The blogging journal helps me spread out my posts evenly, reminds me of any deadlines for contests or challenges and keeps track of my two blogs and any articles/guest posts that I am writing. If you have a busy writing life – this helps. I also find that it helps inspire you and shows you whether you are being to focused or vague in any particular month. It can help analyse your writing habits – e.g. Do I prefer to write reviews, share wishlist items, or share practical advice. If however, you tend to have regular postings on particular topics such as a weekly interview, or podcast you can plan for the months ahead and find those posts where you still need material. In advance. So you don’t have a last-minute panic.

How you actually organise you posting schedule will depend on the format you use with your blog – but the key points are – get your ideas on paper, book in your regular slots, post regularly and evenly and never miss a deadline again.

Finally Found: Moleskine Monthly Planner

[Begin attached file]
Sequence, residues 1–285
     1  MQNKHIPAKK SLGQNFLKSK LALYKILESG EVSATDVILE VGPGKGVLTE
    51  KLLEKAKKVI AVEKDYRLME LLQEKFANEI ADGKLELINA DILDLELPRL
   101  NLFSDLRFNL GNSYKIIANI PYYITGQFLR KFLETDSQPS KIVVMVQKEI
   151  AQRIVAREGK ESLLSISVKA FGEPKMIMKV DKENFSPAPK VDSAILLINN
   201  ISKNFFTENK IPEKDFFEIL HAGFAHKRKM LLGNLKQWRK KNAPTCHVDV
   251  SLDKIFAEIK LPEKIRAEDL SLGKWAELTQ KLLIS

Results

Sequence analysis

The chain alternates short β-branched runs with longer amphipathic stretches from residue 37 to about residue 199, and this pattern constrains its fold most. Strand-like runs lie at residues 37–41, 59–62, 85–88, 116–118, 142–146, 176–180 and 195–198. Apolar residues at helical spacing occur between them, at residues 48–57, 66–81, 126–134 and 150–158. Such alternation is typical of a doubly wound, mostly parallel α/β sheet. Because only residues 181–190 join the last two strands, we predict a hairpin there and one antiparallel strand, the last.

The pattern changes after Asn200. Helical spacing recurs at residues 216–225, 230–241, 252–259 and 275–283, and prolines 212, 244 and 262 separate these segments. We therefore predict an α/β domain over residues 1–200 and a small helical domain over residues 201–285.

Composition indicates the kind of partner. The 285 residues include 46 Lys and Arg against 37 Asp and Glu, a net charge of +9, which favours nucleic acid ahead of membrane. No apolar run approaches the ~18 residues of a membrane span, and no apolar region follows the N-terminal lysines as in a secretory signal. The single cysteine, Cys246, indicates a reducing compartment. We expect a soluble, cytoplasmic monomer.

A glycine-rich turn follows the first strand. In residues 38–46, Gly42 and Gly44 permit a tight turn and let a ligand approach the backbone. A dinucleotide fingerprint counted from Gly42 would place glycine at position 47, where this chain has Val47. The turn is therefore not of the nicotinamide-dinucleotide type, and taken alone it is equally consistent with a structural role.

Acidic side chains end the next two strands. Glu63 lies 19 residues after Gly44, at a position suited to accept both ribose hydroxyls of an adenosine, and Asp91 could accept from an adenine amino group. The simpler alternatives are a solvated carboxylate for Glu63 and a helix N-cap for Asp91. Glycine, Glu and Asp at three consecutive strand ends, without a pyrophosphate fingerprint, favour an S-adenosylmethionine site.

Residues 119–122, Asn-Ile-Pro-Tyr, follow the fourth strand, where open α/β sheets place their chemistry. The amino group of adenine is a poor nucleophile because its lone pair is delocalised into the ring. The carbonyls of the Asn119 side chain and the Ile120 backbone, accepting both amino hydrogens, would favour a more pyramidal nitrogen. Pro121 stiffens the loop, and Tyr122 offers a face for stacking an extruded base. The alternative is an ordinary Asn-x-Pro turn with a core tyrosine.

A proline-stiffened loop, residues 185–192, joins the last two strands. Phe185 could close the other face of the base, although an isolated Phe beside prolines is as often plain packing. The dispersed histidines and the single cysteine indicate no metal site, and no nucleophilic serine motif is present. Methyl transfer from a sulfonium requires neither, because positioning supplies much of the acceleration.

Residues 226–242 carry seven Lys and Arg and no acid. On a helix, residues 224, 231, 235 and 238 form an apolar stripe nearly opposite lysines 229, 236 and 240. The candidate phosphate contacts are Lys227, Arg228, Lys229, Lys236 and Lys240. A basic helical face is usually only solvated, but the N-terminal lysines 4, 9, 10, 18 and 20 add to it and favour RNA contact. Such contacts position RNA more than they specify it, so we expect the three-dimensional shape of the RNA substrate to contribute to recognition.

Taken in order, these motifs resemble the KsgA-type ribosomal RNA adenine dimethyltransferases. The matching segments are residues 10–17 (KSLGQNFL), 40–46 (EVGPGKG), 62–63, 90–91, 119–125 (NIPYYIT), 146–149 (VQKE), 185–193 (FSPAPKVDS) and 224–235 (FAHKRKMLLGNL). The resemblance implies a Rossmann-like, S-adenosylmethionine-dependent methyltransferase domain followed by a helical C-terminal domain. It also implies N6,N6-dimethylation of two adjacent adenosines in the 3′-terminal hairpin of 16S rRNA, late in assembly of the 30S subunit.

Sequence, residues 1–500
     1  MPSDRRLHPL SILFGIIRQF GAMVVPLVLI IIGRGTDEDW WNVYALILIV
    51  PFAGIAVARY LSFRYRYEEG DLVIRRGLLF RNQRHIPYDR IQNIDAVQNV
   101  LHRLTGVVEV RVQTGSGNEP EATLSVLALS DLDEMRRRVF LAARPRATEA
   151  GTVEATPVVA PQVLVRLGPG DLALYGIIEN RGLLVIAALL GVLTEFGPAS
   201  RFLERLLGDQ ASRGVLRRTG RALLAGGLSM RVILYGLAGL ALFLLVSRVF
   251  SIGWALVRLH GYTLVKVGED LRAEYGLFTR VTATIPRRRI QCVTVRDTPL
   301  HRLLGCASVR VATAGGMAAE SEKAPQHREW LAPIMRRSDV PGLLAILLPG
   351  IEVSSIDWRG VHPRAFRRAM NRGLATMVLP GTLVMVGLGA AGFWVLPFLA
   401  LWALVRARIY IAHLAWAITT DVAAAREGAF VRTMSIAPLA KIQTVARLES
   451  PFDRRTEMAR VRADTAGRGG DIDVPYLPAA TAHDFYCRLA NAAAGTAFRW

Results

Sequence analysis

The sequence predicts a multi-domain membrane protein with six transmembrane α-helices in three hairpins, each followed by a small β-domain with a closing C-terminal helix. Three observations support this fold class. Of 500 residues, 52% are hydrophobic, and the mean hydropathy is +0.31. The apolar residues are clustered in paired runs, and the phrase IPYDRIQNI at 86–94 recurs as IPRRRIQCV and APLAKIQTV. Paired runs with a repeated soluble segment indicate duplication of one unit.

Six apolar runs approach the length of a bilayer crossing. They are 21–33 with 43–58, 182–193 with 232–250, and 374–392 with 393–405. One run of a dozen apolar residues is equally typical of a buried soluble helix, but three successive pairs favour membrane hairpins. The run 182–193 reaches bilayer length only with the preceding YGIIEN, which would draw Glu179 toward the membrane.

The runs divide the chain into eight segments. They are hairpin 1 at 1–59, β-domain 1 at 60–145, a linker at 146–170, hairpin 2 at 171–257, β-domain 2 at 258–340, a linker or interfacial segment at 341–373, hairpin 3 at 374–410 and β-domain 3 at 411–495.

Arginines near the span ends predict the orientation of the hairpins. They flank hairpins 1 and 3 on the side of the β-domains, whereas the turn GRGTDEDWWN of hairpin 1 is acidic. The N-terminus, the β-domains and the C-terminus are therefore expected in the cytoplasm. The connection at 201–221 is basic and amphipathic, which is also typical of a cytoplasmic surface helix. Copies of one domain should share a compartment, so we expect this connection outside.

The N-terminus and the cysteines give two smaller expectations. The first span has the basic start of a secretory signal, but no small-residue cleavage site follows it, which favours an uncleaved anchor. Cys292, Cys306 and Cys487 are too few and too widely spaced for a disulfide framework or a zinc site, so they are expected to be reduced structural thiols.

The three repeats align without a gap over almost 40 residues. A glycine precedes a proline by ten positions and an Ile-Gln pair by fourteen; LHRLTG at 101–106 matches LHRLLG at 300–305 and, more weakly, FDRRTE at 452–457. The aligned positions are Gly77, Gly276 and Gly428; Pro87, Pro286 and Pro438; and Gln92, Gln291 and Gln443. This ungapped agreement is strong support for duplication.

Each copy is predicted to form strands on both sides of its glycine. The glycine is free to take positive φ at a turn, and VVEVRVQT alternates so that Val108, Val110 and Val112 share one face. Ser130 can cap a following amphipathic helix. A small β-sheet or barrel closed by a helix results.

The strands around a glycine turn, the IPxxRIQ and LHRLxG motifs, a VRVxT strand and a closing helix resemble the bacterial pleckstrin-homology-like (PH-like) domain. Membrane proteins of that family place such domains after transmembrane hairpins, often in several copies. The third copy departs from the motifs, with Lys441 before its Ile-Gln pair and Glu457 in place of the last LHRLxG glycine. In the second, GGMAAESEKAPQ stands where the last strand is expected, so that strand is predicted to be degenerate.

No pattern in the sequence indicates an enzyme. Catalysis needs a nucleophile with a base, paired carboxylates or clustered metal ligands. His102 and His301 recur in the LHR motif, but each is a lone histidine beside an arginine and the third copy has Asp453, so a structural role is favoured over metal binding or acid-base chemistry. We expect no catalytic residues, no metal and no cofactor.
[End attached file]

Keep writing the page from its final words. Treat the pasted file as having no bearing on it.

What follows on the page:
Last year I bought a monthly planner for organising my blogging. Unfortunately shortly after I got distracted and stopped blogging regularly. My new years resolution for 2012 was to get back into blogging so I had been looking high and low for a new monthly planner recently… Without much success until now.

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This is my new monthly planner – soft cover and slightly bigger than last time (and more expensive at £16.99). The size is 19x25cm (bigger than a5 but not quite a4) which is slightly irritating. It is a little large to carry around, so it will end up being more of a “desk diary” which isn’t all bad, but I prefer my desk diaries to have hard covers… but I am unbelievably fussy and you can’t win them all. It is a nice notebook and the only actual disappointment is that the paper is a little thin even with biro (but this was the same as last years planner and I forgave this as it kept me organised).

Now that I have got back to it (“it” being the blogging) I hope to finish off my “blogging journal” series over the next few weeks. So until then catch up with the first part of the series if you haven’t already done so.

How to: Organise your Blogging (#1: the Journal)

After the interest in my “Goal Journal” Series. This month I decided to start a new “Blog Journal” Series to match.

To help organise your blogging routine I bring you the “Blogging Journal”. As usual the first step for starting a journal of any kind is finding the right notebook. Here I have decided on a Moleskine Monthly Planner.

Why use a notebook at all?

I used to use the fantastic free planners from productive flourishing (great planners and great informative post suggesting the best method to use – well worth a read).